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Foreign Policy

China-Japan Summit Under the Shadow of Trump

Oct 31, 2018


For the first time in seven years, Japan and China held a bilateral summit in Beijing. Following an invitation from Premier Li Keqiang, Abe recently visited Beijing to meet with Premier Li and President Xi Jinping to unveil new bilateral initiatives. Abe’s diplomatic tour took place on its own and not on the fringes of a multilateral initiative, such as the 2014 APEC summit in Beijing or the March 2018 Japan-China-South Korea trilateral forum in Tokyo.

Following Japan’s nationalization of three small islands in the disputed Senkaku/Diaoyu archipelago in 2012, Japan-China relations entered stormy waters. The entry of Abe and Xi, two proud nationalists, further cemented the two governments’ rock-solid stances on territorial and maritime disputes and stoked Sino-Japanese geostrategic rivalry. Yet, as U.S. China policy has become more confrontational, Xi Jinping has taken advantage of his recent power consolidation to defuse a potential U.S.-led economic and military encirclement. A clear example of China’s charm offensive is its attempt at mending relations with India and Japan. The diplomatic importance assigned to Abe’s recent tour suggests that the two governments are now moving ahead to bring bilateral relations into a “new dimension.”

By staging this timid détente, both China and Japan are sending a signal to the U.S. The Trump administration has prioritized targeting U.S.-China trade imbalances through a set of ad hoc tariffs and tighter screening of foreign investments. These measures seek to counter China’s pursuit of high-end technology through its distorted market system and forced technology transfers. The White House is also pursuing an ambitious agenda to renegotiate free trade agreements with friendly countries, such as Canada, Mexico, and South Korea, and pursue new bilateral FTAs with the United Kingdom and Japan. For that purpose, Trump has not shied away from using U.S. security guarantees as ransom for economic concessions. U.S. tariffs on steel and aluminium and the looming threat of tariffs on automobiles and auto parts have forced Japan to negotiate a bilateral trade agreement with Washington (only a few months earlier, a top government official said Japan had no interest in entering a trade deal with the U.S.) Abe likely seeks to leverage a more stable China-Japan relationship in his country’s dealings with Trump. Trump’s surprise U-turn with North Korea, shifting from aggressive rhetoric to a historic bilateral summit, is further incentive to stabilize Japan-China relations.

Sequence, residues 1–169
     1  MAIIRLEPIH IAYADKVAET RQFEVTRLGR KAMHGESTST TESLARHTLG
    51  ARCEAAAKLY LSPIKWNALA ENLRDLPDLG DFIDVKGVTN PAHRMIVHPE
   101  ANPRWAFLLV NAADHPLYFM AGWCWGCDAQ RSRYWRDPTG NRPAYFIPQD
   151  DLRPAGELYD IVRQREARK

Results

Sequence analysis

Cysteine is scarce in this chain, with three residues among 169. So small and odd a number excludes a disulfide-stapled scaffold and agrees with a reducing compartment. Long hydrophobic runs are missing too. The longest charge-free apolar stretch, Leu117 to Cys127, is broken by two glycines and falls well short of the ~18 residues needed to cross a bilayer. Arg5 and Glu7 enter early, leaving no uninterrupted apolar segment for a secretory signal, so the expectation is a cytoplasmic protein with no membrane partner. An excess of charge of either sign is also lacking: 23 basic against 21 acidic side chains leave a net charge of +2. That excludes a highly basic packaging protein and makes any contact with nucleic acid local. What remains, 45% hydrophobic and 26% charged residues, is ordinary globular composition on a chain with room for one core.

The diplomatic tour produced a number of agreements on Japan-China economic cooperation in third party countries, such as Thailand. The big business delegation that escorted Abe to Beijing will underwrite a series of joint projects with Chinese counterparts and, in the process, prop up – even just symbolically – Xi’s Belt and Road Initiative, which has been enshrined into the CCP constitution. However, this momentum in Japan-China relations will nonetheless be accompanied by ongoing competitive dynamics in the East and South China Seas and the rivalry between the Belt and Road Initiative and Japan and the U.S.’ Indo-Pacific strategy. At the same time, the resumption of bilateral currency swaps and, especially, the promise that China will resume dialogue on the 2008 agreement on joint development of gas fields in the East China Sea, are promising signals. In all likelihood, the key deliverables of this Sino-Japanese timid spring will be announced during Xi’s eventual state visit to Japan next year.

But how tenable will a Japan-China détente be? After all, competitive dynamics in the bilateral relationship abound: from strategic rivalry in the so-called Indo-Pacific to historical animosity and simmering territorial disputes. In the short run, much of this momentum rests on U.S.-China tensions and Xi’s decision to mollify Japan through carrots rather than sticks. Translating the 2008 agreement on joint development of gas fields in the East China Sea into a treaty would be a key sign of China’s more cooperative stance. Yet, China’s territorial and maritime claims in the East and South China Sea will likely persist and, in the mid-to-long term, China will have the upper hand because it will likely continue its rapid economic and military growth. If the calculation in Beijing is that time is indeed on China’s side, Xi will have incentives to make symbolic overtures rather than substantial ones. Japan, on the contrary, might prefer pursuing a more accommodating posture and this summit’s symbolic pledges of cooperation will come in handy in the future.

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